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A far-flung economics network celebrates Berkeley Nobel winner David Card

June 7, 2022
By: Edward Lempinen
The 2021 winners of the Nobel Prize in economics met at UC Berkeley. From left: Guido W. Imbens, Stanford University; David Card, UC Berkeley; and Joshua D. Angrist, Massachusetts Institute of Technology
The three winners of 2021 Nobel Prize in economics, from left: Guido W. Imbens, Stanford University; David Card, UC Berkeley; and Joshua D. Angrist, Massachusetts Institute of Technology. The three met on June 3 and 4 as part of DaveFest, an event organized at UC Berkeley to honor Card’s contributions to the field of economics and to his students and younger colleagues. (Photo by Julian Meyn, UC Berkeley)

A remarkable international community of economists and economics students gathered in Berkeley June 3 and 4 to celebrate the achievements of Berkeley scholar David Card, who shared the 2021 Nobel Prize in economics.

Among those who joined in the celebration were Card’s two co-winners: Guido W. Imbens of Stanford University and Joshua D. Angrist of MIT.

This coming-together of Nobel laureates was a centerpiece of DaveFest, the two-day conference at Berkeley that convened scholars from top institutions in the U.S. and worldwide. The program focused, in part, on areas where Card has done pioneering economic analysis: the minimum wage, immigration and racial disparities in education.

Card, a labor economist, won the 2021 Nobel Prize for work that challenged orthodoxy and dramatically shifted understanding of inequality and the social and economic forces that affect low-wage workers. He is UC Berkeley’s sixth economist to win the Nobel Prize in economics and the campus’s 26th Nobel laureate overall.

Much of Card’s most profound work was based on “natural experiments” — looking not at theoretical constructs, but at how economic dynamics played out in the real world. Research by Angrist and Imbens showed that such natural experiments could yield precise conclusions about economic cause and effect.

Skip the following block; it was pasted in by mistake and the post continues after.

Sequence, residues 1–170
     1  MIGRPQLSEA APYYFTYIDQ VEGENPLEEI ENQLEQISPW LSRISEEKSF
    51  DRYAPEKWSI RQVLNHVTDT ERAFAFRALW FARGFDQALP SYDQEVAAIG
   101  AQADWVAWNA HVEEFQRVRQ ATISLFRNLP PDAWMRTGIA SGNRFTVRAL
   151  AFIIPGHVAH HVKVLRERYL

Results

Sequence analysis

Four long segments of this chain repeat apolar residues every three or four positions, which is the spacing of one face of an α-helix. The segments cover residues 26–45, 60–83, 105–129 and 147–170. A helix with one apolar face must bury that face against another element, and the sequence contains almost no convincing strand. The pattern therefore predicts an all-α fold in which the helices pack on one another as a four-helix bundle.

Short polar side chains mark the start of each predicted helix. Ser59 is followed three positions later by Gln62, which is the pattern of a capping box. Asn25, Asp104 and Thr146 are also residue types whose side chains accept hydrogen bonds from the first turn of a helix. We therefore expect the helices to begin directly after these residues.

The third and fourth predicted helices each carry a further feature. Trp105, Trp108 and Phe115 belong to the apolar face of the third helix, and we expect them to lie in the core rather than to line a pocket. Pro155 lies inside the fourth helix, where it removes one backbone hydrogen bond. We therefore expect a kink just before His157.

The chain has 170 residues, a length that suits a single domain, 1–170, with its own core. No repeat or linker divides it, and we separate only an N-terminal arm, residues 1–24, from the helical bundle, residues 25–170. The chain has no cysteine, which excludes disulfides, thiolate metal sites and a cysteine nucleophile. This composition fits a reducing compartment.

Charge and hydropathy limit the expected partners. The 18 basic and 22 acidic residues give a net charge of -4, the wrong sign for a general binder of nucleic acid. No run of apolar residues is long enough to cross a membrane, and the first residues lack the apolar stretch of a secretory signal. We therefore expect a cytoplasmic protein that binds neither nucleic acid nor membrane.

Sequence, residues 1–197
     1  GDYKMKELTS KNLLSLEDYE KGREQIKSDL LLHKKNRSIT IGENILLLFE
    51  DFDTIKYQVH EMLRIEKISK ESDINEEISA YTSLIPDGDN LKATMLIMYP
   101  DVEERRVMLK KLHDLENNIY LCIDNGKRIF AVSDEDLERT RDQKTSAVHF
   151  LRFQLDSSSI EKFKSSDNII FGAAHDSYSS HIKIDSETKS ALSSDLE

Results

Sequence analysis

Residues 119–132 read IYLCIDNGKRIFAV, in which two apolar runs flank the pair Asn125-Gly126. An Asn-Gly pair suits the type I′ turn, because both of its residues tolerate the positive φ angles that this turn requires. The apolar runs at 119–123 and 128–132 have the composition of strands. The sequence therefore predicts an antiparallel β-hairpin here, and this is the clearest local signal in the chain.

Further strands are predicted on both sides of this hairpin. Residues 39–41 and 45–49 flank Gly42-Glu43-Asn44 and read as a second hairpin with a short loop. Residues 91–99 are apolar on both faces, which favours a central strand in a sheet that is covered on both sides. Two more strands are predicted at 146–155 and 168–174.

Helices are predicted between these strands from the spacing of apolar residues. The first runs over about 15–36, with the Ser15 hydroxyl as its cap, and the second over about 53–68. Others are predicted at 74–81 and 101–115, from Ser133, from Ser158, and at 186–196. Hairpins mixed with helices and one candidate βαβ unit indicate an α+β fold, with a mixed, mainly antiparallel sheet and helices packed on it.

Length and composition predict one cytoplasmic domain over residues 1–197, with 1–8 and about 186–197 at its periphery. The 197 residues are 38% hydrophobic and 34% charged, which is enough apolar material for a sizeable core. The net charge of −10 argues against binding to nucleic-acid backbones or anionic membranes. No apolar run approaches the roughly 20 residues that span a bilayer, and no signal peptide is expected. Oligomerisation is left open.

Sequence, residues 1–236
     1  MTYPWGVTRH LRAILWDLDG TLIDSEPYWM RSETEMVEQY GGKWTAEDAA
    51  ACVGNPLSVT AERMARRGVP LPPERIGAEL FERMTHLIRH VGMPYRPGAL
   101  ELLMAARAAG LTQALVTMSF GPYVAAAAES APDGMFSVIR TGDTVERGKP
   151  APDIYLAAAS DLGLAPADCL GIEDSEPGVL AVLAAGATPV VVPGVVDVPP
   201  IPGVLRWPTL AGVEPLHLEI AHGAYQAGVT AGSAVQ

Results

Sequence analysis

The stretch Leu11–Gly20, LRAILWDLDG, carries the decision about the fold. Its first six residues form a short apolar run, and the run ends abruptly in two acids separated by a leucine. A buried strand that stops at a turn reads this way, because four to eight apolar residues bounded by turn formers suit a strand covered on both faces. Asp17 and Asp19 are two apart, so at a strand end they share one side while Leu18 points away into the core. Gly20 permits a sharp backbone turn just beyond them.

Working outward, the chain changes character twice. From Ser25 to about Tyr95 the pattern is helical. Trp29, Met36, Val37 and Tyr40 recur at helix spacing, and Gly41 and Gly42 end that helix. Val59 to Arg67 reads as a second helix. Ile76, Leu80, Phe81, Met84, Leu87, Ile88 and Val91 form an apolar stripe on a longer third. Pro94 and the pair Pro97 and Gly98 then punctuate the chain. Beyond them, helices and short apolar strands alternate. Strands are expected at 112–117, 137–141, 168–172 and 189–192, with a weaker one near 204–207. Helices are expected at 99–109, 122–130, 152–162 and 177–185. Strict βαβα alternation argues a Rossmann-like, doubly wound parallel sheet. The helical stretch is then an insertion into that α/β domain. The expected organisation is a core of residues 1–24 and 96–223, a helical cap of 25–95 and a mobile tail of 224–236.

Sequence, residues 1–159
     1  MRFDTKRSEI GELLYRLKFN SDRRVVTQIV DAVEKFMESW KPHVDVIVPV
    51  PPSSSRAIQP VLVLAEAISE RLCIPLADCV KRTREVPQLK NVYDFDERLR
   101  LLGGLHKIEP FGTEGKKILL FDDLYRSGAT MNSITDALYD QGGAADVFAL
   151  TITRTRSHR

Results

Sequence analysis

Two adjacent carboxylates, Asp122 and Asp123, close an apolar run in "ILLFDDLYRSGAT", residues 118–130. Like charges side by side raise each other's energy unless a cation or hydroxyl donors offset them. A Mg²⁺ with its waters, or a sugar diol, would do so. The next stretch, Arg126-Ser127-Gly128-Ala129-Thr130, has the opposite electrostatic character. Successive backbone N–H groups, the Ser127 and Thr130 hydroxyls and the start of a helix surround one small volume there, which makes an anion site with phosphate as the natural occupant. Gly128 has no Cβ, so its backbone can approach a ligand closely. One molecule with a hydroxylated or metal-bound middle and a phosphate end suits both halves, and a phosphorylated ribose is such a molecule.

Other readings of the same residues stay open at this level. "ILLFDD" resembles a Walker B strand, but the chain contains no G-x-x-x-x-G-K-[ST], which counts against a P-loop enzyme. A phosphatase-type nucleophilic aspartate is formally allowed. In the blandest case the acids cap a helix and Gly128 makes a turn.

DaveFest was sponsored by the Department of Economics, the Haas School of Business and the Institute for Research on Labor and Employment (IRLE), all at Berkeley; and by Princeton University’s Industrial Relations Section. Berkeley’s College of Letters and Sciences and University Development and Alumni Relations also provided key support.

David Card (right), one of the 2021 Nobel laureates in economics, talks with young colleagues during a quieter moment during the two-day event honoring his contributions. While he has made remarkable contributions to the field of labor economics and research methodology, Card is known as well for teaching and mentoring young economists.
David Card (right), who shared the 2021 Nobel Prize in economics, talked with young colleagues during a quieter moment at the two-day Berkeley event honoring his work. While he has made remarkable contributions in labor economics and research methodology, Card is known as well for his commitment to teaching and mentoring young economists. (Photo by Julian Meyn, UC Berkeley)